The rapid spread of the novel coronavirus has led to a shortage of critical medical supplies such as ventilators.
Ventilators are used to treat patients that are suffering from severe acute respiratory failure and are a vital resource for those with extreme symptoms of COVID-19. The machines pump air and oxygen into the lungs when the patients can no longer breathe on their own.
There are approximately 745,000 confirmed cases of COVID-19 globally and more than 35,300 confirmed deaths, according to Johns Hopkins University data. And the numbers continue to rise.
According to the Johns Hopkins Center for Health Security, the U.S. currently has about 160,000 ventilators available, but it is estimated that about 740,000 are needed.
The dire need for ventilators has even gotten the attention of President Donald Trump, who attacked General Motors (GM) and Ford (F) on Twitter Friday and ordered the companies to start making ventilators.
As usual with “this” General Motors, things just never seem to work out. They said they were going to give us 40,000 much needed Ventilators, “very quickly”. Now they are saying it will only be 6000, in late April, and they want top dollar. Always a mess with Mary B. Invoke “P”.— Donald J. Trump (@realDonaldTrump) March 27, 2020
General Motors MUST immediately open their stupidly abandoned Lordstown plant in Ohio, or some other plant, and START MAKING VENTILATORS, NOW!!!!!! FORD, GET GOING ON VENTILATORS, FAST!!!!!! @GeneralMotors @Ford— Donald J. Trump (@realDonaldTrump) March 27, 2020
GM partnered with smaller manufacturer Ventec Life Systems, and the two companies are aiming to produce around 10,000 ventilators per month starting next month. “Ventec and GM are working around the clock to meet the urgent need for more ventilators. Efforts to set up tooling and manufacturing capacity at the GM Kokomo facility are already underway to produce Ventec's critical care ventilator, VOCSN,” the companies said in a joint statement March 27.
Meanwhile, Ford announced Monday that in collaborating with GE Healthcare, the two companies will produce 50,000 ventilators within the next 100 days, with the ability to produce 30,000 per month afterwards. The ventilators will be made at Ford’s Michigan plant.
“The Ford and GE Healthcare teams, working creatively and tirelessly, have found a way to produce this vitally needed ventilator quickly and in meaningful numbers,” Jim Hackett, Ford’s president and CEO said in a statement. “By producing this ventilator in Michigan, in strong partnership with the UAW, we can help health care workers save lives, and that’s our No. 1 priority.” GE Healthcare accounts for approximately 15% of GE’s total revenue.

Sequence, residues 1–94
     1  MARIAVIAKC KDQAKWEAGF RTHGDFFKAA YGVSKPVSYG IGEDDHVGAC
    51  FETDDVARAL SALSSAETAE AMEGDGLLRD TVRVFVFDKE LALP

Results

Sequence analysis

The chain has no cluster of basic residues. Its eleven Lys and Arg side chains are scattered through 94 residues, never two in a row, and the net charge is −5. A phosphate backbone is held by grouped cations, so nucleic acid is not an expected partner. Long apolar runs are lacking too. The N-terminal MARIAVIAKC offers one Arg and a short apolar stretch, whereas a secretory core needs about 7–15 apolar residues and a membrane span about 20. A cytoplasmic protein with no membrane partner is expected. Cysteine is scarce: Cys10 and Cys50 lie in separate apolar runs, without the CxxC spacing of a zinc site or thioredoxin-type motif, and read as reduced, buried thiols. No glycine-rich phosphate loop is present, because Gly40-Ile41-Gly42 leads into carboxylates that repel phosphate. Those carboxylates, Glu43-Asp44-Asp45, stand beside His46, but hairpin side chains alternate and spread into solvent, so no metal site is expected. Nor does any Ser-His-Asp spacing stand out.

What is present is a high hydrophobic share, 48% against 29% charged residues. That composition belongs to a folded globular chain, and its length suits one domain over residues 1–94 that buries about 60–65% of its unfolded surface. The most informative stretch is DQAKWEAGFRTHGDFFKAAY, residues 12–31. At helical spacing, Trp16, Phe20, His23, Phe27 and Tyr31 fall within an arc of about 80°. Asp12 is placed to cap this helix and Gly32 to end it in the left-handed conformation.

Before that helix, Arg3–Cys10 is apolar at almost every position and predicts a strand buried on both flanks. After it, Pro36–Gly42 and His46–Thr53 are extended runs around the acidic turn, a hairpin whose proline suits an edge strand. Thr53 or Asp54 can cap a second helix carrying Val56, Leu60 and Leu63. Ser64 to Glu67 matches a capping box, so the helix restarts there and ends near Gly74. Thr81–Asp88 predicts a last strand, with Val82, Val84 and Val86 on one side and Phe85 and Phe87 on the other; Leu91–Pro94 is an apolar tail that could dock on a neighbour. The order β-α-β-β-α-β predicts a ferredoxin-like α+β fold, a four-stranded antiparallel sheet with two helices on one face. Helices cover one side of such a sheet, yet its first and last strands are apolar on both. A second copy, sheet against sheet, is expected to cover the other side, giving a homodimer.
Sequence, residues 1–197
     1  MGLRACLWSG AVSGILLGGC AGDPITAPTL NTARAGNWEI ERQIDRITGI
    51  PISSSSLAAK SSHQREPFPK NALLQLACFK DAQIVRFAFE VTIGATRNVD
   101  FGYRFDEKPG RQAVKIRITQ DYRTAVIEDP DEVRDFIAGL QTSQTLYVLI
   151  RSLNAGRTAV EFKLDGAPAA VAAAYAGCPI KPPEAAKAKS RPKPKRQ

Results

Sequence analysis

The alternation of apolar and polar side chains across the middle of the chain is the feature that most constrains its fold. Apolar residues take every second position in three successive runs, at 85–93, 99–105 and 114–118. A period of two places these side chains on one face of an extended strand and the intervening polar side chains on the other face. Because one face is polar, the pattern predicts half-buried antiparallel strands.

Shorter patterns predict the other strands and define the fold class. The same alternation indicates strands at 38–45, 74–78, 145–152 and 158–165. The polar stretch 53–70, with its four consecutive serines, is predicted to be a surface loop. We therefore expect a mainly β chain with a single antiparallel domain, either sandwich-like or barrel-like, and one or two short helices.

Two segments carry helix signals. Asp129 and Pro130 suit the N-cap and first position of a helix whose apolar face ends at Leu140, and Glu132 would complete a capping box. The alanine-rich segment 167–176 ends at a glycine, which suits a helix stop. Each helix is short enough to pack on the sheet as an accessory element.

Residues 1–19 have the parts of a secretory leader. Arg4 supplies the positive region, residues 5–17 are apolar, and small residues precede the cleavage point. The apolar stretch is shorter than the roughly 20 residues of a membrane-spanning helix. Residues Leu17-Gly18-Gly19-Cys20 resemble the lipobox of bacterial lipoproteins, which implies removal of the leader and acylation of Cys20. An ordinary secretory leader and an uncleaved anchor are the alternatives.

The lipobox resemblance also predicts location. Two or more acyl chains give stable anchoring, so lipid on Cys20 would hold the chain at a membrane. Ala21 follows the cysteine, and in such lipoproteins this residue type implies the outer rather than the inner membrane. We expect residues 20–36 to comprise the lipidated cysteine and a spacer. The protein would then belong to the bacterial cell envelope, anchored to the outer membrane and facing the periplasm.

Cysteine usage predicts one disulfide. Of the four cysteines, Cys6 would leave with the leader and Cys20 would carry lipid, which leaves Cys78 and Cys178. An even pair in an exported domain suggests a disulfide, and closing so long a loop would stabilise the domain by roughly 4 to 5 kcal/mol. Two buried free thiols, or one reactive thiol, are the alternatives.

Several other manufacturers are stepping up to the plate to ramp up ventilator production as quickly as possible.
German medical-technology company Draegerwerk announced March 13 that the German government ordered 10,000 ventilators. In a statement, Draegerwerk said the delivery of the order will be spread out across a year and will require a significant boost in production at its Lubeck plant. “The orders will have a positive effect on Dräger’s economic situation and earnings,” the company said.
Draeger’s products are sold in more than 190 countries, and about 80% of the company’s sales are generated outside of its headquarters in Germany.
On March 22, Dutch health-tech company Philips announced that it would be increasing production of critical care products to aid the fight against the deadly coronavirus.
“There is an unprecedented global demand for medical equipment to help diagnose and treat patients with COVID-19. We are working around the clock to double our hospital ventilator production within the next eight weeks and we are aiming for a four-fold increase by the third quarter,” Philips CEO Frans van Houten said in a statement.
Philips noted that even as the company is able to resume operations despite COVID-19, global supply chains were disrupted and Philips consumer business has taken a hit. “While this is expected to have a negative impact on the financial performance of Philips in the first half of 2020, the company cannot quantify the magnitude and duration of such impact at this time given the continued fluidity of the situation.”
Dublin-based medical-tech giant Medtronic (MDT) is also at the forefront of ventilator production. Medtronic announced that it would be increasing its own production and would be sharing its design specifications for its Puritan Bennett 560 (PB 560) ventilators to encourage more manufacturing.
“Medtronic recognizes the acute need for ventilators as life-saving devices in the management of COVID-19 infections. We know this global crisis needs a global response,” Bob White, executive vice president and president of the Minimally Invasive Therapies Group at Medtronic, said in a statement.
New Zealand-based Fisher & Paykel Healthcare announced its dedication to increasing production of ventilators March 23. “As we advised last week, we have ramped up our manufacturing output and this will continue under the Level 4 alert status. As an essential service, we are continuing to focus on meeting the global demand for our respiratory products that are directly involved in treating patients with COVID-19,” CEO Lewis Gradon said in a statement.
Fisher & Paykel Healthcare employs more than 4,500 people globally, and according to its 2019 annual report, 60% of its operating revenue was from invasive ventilation, non-invasive ventilation, nasal high flow therapy and surgery. The company’s operating revenue grew 9% in 2019 to $1.07 billion NZD.
Other major manufacturers of ventilators include Vyaire Medical and Hamilton Medical.
Heidi Chung is a reporter at Yahoo Finance. Follow her on Twitter: @heidi_chung.
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